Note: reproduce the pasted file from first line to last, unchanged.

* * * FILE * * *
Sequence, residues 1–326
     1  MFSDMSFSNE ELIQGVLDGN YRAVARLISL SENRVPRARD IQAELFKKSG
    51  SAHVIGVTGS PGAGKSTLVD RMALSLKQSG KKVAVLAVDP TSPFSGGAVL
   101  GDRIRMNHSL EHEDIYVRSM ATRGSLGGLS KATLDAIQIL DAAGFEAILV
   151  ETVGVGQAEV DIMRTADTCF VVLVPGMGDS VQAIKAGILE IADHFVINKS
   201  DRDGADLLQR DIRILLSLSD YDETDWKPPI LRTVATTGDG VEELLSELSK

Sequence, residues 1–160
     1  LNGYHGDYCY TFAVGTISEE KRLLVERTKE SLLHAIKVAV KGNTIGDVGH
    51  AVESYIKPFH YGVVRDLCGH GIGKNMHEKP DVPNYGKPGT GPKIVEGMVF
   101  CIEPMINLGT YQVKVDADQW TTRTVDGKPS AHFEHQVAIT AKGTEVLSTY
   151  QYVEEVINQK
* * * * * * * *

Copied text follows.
Sequence, residues 1–326
     1  MFSDMSFSNE ELIQGVLDGN YRAVARLISL SENRVPRARD IQAELFKKSG
    51  SAHVIGVTGS PGAGKSTLVD RMALSLKQSG KKVAVLAVDP TSPFSGGAVL
   101  GDRIRMNHSL EHEDIYVRSM ATRGSLGGLS KATLDAIQIL DAAGFEAILV
   151  ETVGVGQAEV DIMRTADTCF VVLVPGMGDS VQAIKAGILE IADHFVINKS
   201  DRDGADLLQR DIRILLSLSD YDETDWKPPI LRTVATTGDG VEELLSELSK

Sequence, residues 1–160
     1  LNGYHGDYCY TFAVGTISEE KRLLVERTKE SLLHAIKVAV KGNTIGDVGH
    51  AVESYIKPFH YGVVRDLCGH GIGKNMHEKP DVPNYGKPGT GPKIVEGMVF
   101  CIEPMINLGT YQVKVDADQW TTRTVDGKPS AHFEHQVAIT AKGTEVLSTY
   151  QYVEEVINQK